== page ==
At happy hour with a friend, you innocently start whining about the annoying comment your co-worker made earlier. Hours later, you both realize that the only thing you’ve spoken about the entire night is what you hate about your jobs. Whoops.
It’d be quite remiss of me to say this should never happen. No position’s perfect, and you’ll probably need to vent sometimes. But you don’t want to let a so-so or bad day at work bleed into your life outside the office on a regular basis. That’s not good for anyone.
And, I admit, it’s an easy trap to fall into. But luckily, it’s much simpler to prevent than you may think. How? By ending on a positive note. Ha, you say. That’s much easier said than done. Maybe. But I suggest you try these four tips before drawing that conclusion.
Related: 37 Ways to Be Happier at Work ASAP
At the end of each day, set aside time — even if only five minutes — to write down what you achieved in the previous eight (or nine, or 10) hours.
“Your team members and clients are too busy to notice your daily victories, so it’s important to take a brief moment for self-congratulations,” says William Arruda, author of Ditch, Dare, Do: 3D Personal Branding for Executives. “It’s a great confidence builder, and it helps you quantify and assess your strengths.” And don’t worry if you only checked minor items off your list. The bigger wins can’t happen without them.
This short activity can give you a feel-good boost and help reinforce that you were productive. Even if it was only somewhat productive. Because let’s be real — believing you got nothing done isn’t a warm and fuzzy feeling. Instead, it makes you want to shove your face into your couch and crawl under a blanket of shame. (Or is that just me?)
And hey — if you really didn’t do anything, take this time to tell yourself it’s OK. Because it is. Sure, this can’t be a common occurrence, but an occasional lazy day is perfectly fine. Pat yourself on the back for showing up, and go on your way.
I spend a lot of my leisure time contemplating my giant to-do list. Rather than relaxing and partaking in activities I enjoy, I let the tasks consume my every thought. It’s not necessary for me — or you — to do this.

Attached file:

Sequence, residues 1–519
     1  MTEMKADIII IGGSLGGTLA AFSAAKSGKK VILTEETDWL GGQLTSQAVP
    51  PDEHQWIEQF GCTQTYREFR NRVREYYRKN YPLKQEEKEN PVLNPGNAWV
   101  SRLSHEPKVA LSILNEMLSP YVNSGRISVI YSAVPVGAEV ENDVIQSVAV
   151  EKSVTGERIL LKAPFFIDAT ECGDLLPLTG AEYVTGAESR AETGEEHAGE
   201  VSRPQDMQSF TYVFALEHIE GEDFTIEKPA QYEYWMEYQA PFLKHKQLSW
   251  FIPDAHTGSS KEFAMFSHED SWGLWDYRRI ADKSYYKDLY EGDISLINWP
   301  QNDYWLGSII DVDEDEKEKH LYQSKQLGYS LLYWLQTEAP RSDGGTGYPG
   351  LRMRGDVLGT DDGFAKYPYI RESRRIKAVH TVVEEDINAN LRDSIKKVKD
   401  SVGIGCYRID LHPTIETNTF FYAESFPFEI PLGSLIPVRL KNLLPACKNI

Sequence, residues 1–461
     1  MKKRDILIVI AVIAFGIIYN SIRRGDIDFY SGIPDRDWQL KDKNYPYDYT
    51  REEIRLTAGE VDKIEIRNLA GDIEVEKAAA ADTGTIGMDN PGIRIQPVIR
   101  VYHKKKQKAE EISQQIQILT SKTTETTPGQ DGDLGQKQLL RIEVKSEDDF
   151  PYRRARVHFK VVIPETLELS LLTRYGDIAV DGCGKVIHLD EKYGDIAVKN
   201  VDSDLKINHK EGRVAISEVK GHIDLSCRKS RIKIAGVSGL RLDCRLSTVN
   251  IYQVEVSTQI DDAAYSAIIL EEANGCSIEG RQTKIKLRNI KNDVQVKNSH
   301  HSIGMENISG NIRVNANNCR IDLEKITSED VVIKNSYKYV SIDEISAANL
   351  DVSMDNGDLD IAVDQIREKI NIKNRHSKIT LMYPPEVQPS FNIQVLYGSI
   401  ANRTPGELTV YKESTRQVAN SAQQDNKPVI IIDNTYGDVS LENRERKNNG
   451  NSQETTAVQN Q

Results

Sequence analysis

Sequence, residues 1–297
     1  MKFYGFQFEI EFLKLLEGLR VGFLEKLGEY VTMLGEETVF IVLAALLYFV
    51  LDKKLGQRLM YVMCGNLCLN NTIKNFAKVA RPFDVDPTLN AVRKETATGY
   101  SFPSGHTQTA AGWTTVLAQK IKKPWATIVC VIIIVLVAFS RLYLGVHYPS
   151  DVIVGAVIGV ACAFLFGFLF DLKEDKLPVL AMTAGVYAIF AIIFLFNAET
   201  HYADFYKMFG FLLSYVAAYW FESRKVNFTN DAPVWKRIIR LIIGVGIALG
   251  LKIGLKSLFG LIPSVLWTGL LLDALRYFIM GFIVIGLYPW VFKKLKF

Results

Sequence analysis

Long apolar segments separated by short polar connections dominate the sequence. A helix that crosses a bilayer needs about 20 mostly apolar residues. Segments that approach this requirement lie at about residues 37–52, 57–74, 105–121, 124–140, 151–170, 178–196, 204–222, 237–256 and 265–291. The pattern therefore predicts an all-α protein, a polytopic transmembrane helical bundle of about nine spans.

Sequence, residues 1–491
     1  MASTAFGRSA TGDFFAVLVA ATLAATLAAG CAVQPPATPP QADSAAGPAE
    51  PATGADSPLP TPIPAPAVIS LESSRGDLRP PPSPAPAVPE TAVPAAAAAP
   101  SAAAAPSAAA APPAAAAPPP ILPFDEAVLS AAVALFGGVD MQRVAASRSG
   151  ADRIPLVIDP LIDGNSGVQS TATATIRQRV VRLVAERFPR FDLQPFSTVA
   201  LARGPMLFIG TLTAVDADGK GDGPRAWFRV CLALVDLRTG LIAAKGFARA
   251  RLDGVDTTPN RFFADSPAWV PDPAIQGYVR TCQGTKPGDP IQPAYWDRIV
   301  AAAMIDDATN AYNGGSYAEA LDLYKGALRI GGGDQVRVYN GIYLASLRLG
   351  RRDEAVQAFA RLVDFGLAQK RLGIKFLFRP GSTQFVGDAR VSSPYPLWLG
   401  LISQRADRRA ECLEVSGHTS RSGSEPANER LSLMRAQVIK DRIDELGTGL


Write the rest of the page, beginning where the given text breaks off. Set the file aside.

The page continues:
Before you go home, prepare yourself for tomorrow. Outline your main action items that need to be completed. And review what’s on your schedule, too. Are there any meetings to prep for? Any deadlines to meet? Form your list with those things in mind.
Tonight, you’ll feel less burdened because you’ll know exactly what direction you need to head in upon returning. No longer will you have to waste your evenings thinking about it.
I’ve started doing this and, let me tell you, it makes me feel better at the beginning and end of each day. My Google doc remembers (and keeps track of) the important things, so I can be fully present when I catch up with those pesky New York housewives.
In college, I usually couldn’t sleep unless I’d tidied up my room. The desk needed to be cleared, and all clothing had to be in drawers, the hamper, or at least hidden under my bed. Doing this made me feel more in control, less scattered, and like I was tying up the loose ends of my day into a nice little bow.
The same goes for my office. When it’s more visually put together, so is my mind. I can head out the door feeling confident that I’ve taken care of anything that may have popped up spontaneously.
(Plus, cleaning always makes me feel like I’m “adulting” a little bit better, which makes me feel relatively successful.)
I’m not saying to whip out the magic erasers and go all Mr. Clean here, but at least put things into piles and throw away any lingering trash. (If you’re the laziest, these tips will be right up your alley) You won’t leave feeling like you’ve forgotten something, and tomorrow you won’t be taunted by the mess you walk into.
Happiness isn’t something that just comes to you. You have to put in the effort. You have to set yourself up for “happiness success.” And one way of doing that is by scheduling things that you’ll look forward to.
When you do this, “you bring happiness into your life well before the event actually takes place,” explains Gretchen Rubin, author of The Happiness Project (Revised Edition): Or, Why I Spent a Year Trying to Sing in the Morning, Clean My Closets, Fight Right, Read Aristotle, and Generally Have More Fun. “In fact, sometimes the happiness in anticipation is greater than the happiness actually experienced in the moment.”
Meet up with a friend or family member. Start taking a class, such as improv (like me!) or ceramics. It could even be diving into a good book. It doesn’t have to be anything big, and you don’t have to spend money. Just be intentional about consistently taking time to do something you’ll truly enjoy.
When you schedule time for fun activities into your calendar, you’ll think about that rather than work.
We have much more ownership over how our days play out than we think. Sure, there are going to be off ones where you’re thrown super random and sometimes downright discouraging curveballs.
But for the most part, you’re in charge. When you take back control of the wheel, you can start to steer it in a more positive direction and end each day on a happy note. Good luck!
Originally published at www.themuse.com on June 8, 2017.
Originally published at medium.com